A couple of years ago I was able to use the American Airlines AAdvantage miles I had accrued for a flight to Peru, and I was very happy about this since it would have been a rather expensive ticket. I also was able to fly first class on the way back (yes, really) for the same amount of miles as it would have cost me to fly economy because they were having a deal. What a wonderful day of travel that was. The only downside was that we had to travel out of state to an airport that was serviced by American Airlines.
As a member of One World, a program similar to but not as big as Star Alliance, American Airlines would be my second favorite. Aside from the rather unfortunate fact that they don’t service my home airport and they have lost my luggage several times.
Which Airline Miles Program Should I Avoid?
In my opinion, Delta has the worst mileage program in terms of rewards.
I have recently researched a flight across the country, one-way. This flight would cost me 12,500 miles on United, and 40,000 miles on Delta.
I’m not saying Delta is a bad airline, in fact, they have great service, (that’s not what this post is about). I’m just saying I avoid flying Delta when I have the option because the rewards are seemingly hopeless.
Yes, I would spend a little more on a flight where I could fly United or Star Alliance rather than purchase a cheaper flight on Delta. To me, it’s worth earning the miles, because I am literally that much closer to a reward flight. I can get much more out of my United MileagePlus account, or even my American Airlines account than I ever could with Delta.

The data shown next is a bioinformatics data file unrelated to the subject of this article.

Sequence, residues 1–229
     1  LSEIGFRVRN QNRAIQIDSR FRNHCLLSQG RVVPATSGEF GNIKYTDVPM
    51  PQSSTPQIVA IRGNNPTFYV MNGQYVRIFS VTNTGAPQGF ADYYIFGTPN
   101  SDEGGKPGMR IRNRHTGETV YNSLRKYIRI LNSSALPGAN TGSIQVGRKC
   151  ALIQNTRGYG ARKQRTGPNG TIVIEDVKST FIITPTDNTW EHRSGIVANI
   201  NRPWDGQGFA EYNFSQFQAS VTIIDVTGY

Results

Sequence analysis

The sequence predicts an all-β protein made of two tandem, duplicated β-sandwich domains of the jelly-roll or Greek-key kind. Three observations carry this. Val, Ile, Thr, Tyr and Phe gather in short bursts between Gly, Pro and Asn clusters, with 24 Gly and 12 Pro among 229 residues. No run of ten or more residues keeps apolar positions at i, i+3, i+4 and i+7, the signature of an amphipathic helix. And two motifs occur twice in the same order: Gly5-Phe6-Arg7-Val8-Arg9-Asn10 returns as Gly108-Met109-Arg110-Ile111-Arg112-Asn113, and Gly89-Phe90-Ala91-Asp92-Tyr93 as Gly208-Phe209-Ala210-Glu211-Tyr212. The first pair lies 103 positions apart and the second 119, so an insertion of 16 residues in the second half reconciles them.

What About Earning Miles Through a Major Credit Card?
If you spend a lot of money and want to earn extra miles, go ahead, sign up for a mileage credit card and start earning miles that way, too. Just be aware that most of these cards will charge you an annual fee of about $95 per year, perhaps after the first year.
Some of the signing bonuses are really tempting (bonus miles, buddy passes, free checked bag, etc.), but look at the big picture and make sure it’ll be worth it in the long run if you do decide to go this route.
Personally, I don’t do this. I have done extensive research about which credit card gets me the best rewards, and I have settled on cashback as my favorite type of reward. In my experience, I earn cashback quickly and it benefits me more than earning miles. Additionally, when you take into account that most of the mileage credit cards charge an annual fee, it makes it extra worth it just to stick with the cashback.
Besides, if you really do travel enough, your program should give you some of these benefits for free like United is doing for me!
I would love to hear your thoughts about this subject, both mileage programs and mileage-earning credit cards alike.
Travel Credit Card Update
We bit the bullet and decided to test out our first airline credit card, the Chase Mileage Plus Explorer card through United.
We earned 50,000 bonus points in the first three months, and now my husband has about 80,000 miles in his account. That is counting the miles from our recent trip to Europe, which we also earned extra mileage for being Premium Silver members. I have around 40,000 miles in my account simply from frequent travel.
Why did we decide to go for it? It takes about 60,000 miles for a free flight across the world on United. This means that right now both of us are eligible, he just has to transfer some miles to me and we could go. We can also use it abroad without paying foreign transaction fees which is usually 3% of every purchase.
To me, both of these perks are worth the annual fee.
I have also heard a rumor that if you are in good standing as a credit card customer and you give the customer service number a call when your fee is due, you can politely ask them to waive it. Hey, there’s no harm in asking.
Do you have any experience with miles credit cards?